It is noteworthy that 2 participating states, Arizona and Nevada, had 2008 rotavirus seasons that were similar to those in prior seasons. As data become available, it will be of interest to evaluate whether these 2 states had different patterns of RV5 coverage that could explain their distinct 2008 rotavirus seasons.

How should we interpret this analysis? Well, as alwasy the rule of thumb is that one study never proves anything. However, this study does provide strong evidence for a correlation between the RV5 vaccine and lower AGE hospitalization rates. We have to be careful though to remember that correlation does not necessarily imply causation. Given that the post-vaccine data is only for two years,  the conclusion that the introduction of the rotavirus vaccine lowered AGE hospitalization rates seems unwarranted at this point. It will be interesting to see if these results hold up 2, 5, 10 years down the road.

Nevertheless, the fact that rotavirus is responsible for 50% of AGE hospitalizations, and the fact that the reductions were more pronounced in the age groups that received vaccines, as compared to the 0-2 month olds who do not, suggests a correlation to some degree. Furthermore, while there is year-to-year variability in AGE hospitalization rates, the 2008 reduction “well exceeded the range of this variability” further suggesting an effect other than regular variability.  Lastly, the “consistency of the decrease in acute gastroenteritis hospitalization rates across most states and specifically during the rotavirus season strongly support that these changes resulted from the RV5 vaccination, but  the lack of timely national data on RV5 coverage precluded correlation of the decreases with vaccine uptake.” (emphasis added)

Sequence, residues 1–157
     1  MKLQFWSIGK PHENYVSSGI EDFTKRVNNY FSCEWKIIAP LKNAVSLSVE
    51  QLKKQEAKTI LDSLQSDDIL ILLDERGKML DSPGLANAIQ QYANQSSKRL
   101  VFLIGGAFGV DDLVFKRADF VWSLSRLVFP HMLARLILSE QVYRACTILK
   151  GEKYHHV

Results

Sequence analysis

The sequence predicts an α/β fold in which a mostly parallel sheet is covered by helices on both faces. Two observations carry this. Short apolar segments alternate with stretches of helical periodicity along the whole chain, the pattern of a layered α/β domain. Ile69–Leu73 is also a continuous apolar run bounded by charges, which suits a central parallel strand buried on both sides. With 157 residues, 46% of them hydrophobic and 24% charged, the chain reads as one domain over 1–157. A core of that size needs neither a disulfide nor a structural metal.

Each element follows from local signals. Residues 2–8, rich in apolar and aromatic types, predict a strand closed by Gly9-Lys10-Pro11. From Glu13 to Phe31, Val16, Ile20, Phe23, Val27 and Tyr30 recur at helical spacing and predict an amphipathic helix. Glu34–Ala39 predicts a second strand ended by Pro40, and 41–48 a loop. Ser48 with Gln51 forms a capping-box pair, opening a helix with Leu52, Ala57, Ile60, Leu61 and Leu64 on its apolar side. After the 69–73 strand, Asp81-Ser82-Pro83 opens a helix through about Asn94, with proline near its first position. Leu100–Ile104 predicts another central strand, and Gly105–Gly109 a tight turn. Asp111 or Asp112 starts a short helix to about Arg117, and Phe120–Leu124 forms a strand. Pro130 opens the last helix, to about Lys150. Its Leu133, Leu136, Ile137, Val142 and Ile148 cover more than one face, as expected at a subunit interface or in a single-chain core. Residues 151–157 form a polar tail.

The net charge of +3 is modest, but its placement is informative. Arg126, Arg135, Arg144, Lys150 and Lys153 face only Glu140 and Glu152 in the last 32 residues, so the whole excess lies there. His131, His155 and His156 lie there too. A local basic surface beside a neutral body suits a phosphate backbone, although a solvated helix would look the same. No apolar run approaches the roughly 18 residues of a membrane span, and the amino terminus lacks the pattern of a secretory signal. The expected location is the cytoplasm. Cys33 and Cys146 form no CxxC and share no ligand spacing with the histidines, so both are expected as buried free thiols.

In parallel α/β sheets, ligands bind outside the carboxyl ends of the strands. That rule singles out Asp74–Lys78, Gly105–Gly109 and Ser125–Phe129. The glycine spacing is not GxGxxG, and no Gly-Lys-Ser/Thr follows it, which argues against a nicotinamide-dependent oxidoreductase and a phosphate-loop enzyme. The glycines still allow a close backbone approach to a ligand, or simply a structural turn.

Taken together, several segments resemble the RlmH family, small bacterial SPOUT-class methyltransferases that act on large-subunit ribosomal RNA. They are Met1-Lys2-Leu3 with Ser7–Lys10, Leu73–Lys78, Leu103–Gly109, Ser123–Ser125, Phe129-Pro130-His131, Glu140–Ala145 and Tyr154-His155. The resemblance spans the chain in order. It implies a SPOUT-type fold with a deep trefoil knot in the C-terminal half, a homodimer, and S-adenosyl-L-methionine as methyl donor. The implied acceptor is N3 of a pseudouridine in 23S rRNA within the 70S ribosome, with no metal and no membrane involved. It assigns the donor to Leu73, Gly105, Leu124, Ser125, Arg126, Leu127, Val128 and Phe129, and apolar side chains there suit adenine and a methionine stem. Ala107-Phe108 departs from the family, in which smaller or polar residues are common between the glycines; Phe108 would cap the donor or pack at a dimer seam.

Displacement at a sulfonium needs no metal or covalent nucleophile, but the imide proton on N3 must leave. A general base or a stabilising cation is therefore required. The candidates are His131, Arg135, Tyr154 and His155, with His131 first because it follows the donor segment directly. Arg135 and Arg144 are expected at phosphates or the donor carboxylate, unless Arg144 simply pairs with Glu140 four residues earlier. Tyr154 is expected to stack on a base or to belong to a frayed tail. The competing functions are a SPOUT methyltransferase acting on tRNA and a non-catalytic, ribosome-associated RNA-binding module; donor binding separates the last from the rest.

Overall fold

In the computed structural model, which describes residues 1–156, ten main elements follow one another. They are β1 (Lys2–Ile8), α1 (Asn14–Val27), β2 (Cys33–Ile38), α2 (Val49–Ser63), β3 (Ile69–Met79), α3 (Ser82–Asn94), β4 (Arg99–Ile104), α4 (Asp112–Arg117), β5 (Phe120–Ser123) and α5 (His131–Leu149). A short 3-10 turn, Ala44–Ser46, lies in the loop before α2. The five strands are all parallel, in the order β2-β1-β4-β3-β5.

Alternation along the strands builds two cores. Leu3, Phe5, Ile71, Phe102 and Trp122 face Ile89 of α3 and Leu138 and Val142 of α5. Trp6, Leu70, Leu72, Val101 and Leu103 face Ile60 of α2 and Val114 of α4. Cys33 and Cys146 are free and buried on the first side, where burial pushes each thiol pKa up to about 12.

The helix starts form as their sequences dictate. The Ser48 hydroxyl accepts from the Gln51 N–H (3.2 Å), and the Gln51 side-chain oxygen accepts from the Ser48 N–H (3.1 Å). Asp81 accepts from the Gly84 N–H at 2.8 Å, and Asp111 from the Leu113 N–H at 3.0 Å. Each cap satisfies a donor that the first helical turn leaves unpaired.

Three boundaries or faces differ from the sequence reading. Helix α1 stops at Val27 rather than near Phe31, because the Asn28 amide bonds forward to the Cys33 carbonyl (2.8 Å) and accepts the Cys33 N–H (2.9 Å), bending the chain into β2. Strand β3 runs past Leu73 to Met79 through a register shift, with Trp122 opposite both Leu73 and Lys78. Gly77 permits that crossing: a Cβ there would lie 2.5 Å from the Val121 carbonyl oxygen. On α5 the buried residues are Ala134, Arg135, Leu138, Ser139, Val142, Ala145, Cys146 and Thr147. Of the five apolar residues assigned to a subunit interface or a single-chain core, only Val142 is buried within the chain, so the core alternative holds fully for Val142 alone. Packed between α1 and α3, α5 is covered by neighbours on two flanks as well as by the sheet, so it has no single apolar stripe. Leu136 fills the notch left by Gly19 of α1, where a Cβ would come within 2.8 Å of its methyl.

Conclusion – This analysis provides good evidence for an association between the introduction of the RV5 vaccine and a considerable reduction in AGE hospitalization rates, especially for 2008. It also provides strong evidence that there may be a correlation between the two, however the lack of nationals RV5 coverage data, and the fact that the post vaccine years provide only 2 data points, preclude us from concluding that the decreases are due to the vaccine. Only further confirmatory studies down the road can provide that additional support that would be needed to conclusively say that the rotavirus vaccine has had a direct effect in reducing AGE hospitalization rates. Until then, we must stick with the strong suggestion that it does.

Categories: Efficacy, Efficacy, Rotavirus Tags: